Future opera singers are easily identified at birth due to their multi-octave crying and graceful bows as they emerge from the womb. Check out how far these toddling tenors have come with this GrouponLive deal to see the Indianapolis Opera present Amahl and the Night Visitors at the Basile Opera Center on Saturday, December 8, or Saturday, December 15. On both nights, the show starts at 7 p.m. and doors open at 6 p.m. Choose between the following options:
- For $75, you get a show package for two (up to a $133.50 total value).
- For $150, you get a show package for four (up to a $267 total value).
For each person, the package includes:
- One ticket for best-available seating at the time of redemption (up to a $60.50 value, including all fees)
- One cup of hot chocolate, eggnog, wine, or beer (up to a $6.25 value)
Led by Artistic Director James Caraher—a 31-year veteran of the Indianapolis Opera—the musicians and singers of the state’s only professional opera company stage a modern Christmas classic. With its fidget-fighting 50-minute runtime, English libretto, and child protagonist, Amahl and the Night Visitors is designed to light up the holidays of families with children as young as elementary-school-aged.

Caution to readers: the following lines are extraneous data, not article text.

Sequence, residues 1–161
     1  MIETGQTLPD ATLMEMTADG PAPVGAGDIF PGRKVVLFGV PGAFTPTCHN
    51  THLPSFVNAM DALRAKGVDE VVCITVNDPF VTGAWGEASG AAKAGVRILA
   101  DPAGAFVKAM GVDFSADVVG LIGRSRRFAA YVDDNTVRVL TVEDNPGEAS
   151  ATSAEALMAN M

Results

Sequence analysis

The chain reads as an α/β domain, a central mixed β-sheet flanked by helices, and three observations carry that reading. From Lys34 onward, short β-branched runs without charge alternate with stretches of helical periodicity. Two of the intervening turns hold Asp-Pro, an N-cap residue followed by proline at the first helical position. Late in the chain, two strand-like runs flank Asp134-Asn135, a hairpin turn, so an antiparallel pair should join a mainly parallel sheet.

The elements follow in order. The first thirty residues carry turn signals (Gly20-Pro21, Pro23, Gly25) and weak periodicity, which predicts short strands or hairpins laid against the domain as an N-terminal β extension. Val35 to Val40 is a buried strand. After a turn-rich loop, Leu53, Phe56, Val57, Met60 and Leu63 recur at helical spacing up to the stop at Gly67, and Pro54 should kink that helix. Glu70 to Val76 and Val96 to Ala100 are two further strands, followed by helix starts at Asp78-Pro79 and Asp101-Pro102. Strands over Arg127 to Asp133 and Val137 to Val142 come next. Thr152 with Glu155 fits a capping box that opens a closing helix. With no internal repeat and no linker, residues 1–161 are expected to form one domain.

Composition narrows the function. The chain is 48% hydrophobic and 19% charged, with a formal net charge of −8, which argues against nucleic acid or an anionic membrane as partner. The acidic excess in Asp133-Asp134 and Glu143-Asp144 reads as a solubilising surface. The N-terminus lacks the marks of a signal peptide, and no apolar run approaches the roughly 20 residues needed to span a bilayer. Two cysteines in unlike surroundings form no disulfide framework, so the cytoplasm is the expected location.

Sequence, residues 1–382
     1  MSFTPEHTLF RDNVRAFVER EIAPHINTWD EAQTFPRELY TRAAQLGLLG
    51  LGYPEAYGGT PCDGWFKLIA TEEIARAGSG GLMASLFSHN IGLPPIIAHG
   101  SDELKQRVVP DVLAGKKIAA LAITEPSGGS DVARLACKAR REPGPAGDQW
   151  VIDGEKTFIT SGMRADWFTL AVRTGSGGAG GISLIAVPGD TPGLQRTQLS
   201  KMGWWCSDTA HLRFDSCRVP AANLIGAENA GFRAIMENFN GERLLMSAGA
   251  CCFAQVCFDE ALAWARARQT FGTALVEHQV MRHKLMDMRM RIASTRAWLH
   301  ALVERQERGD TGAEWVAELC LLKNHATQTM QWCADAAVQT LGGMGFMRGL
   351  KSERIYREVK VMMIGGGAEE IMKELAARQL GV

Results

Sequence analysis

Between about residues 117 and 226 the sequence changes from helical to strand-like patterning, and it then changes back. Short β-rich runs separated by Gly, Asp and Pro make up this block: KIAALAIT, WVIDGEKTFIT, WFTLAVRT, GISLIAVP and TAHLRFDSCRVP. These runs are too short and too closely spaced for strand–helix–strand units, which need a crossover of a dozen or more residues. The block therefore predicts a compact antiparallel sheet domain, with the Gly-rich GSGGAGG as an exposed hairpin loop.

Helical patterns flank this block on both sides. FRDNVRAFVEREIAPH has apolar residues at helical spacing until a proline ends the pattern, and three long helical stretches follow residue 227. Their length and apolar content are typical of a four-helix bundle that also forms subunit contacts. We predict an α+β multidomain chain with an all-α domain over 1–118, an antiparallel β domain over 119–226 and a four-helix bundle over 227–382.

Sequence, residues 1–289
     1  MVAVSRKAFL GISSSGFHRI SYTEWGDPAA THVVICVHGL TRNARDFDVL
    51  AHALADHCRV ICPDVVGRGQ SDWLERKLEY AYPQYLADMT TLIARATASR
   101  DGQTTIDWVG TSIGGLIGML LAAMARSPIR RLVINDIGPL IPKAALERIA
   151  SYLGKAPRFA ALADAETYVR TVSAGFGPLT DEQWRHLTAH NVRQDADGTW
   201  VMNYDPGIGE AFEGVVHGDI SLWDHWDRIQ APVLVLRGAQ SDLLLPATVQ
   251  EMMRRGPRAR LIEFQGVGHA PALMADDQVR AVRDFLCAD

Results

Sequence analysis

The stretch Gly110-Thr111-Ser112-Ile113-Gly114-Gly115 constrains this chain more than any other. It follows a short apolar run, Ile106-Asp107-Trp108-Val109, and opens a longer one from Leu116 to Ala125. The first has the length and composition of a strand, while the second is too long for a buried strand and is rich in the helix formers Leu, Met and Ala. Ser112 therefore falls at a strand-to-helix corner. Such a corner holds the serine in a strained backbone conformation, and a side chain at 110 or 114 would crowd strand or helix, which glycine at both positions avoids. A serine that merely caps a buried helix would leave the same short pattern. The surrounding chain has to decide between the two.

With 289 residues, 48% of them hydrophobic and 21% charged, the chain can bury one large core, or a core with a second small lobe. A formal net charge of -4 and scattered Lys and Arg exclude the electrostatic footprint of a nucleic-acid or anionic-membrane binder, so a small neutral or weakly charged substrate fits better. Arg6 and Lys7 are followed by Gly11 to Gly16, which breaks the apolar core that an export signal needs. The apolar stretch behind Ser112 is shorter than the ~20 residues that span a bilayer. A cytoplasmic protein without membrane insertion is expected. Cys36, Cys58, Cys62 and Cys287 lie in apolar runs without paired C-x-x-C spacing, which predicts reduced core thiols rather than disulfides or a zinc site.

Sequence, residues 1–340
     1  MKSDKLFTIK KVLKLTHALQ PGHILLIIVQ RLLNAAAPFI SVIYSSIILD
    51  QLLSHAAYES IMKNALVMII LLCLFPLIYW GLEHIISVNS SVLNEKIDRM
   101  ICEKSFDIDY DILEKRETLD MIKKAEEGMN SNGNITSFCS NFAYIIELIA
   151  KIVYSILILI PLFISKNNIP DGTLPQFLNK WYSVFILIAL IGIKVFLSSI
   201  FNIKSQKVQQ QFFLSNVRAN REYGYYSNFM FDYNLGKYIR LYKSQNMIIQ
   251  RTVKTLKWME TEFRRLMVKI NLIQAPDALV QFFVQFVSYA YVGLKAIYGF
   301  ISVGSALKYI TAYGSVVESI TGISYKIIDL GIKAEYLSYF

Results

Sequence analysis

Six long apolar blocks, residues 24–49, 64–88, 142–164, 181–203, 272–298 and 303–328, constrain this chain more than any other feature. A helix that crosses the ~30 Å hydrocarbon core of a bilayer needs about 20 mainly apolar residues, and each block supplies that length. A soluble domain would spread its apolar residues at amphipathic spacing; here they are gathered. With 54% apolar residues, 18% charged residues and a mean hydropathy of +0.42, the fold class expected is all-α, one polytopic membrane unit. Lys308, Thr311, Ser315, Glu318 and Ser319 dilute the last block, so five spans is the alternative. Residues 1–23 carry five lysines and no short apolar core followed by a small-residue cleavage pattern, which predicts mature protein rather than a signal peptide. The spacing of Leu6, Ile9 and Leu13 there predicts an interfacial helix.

Pulitzer-winning composer and librettist Gian Carlo Menotti’s story pans to the periphery of the Biblical story of Christmas. Amahl, a shepherd boy kept apart from the flock by a bad leg and his family’s poverty, has a reputation for telling tall tales. It’s no surprise when his mother doesn’t believe that he’s seen an enormous new star over their roof or that families will one day celebrate the season by putting large trees inside their homes. The arrival of three resplendently dressed kings, bearing treasure and looking for a place to rest, prove that Amahl has been telling the truth while opening up tantalizing new opportunities for the boy and his mother.
Written on commission for NBC, the opera was the first composed specifically for American television, and it aired for years as a Christmas tradition. Menotti's compositions eschewed the avant-garde sensibilities of the early 20th century, paying tribute instead to "the nobility of gracefulness and the pleasure of sweetness," as he told the New York Times. His philosophy of accessible lyricism is evident in Amahl, with gently flowing passages interspersed with lively, hummable tunes and a midshow shepherd's dance.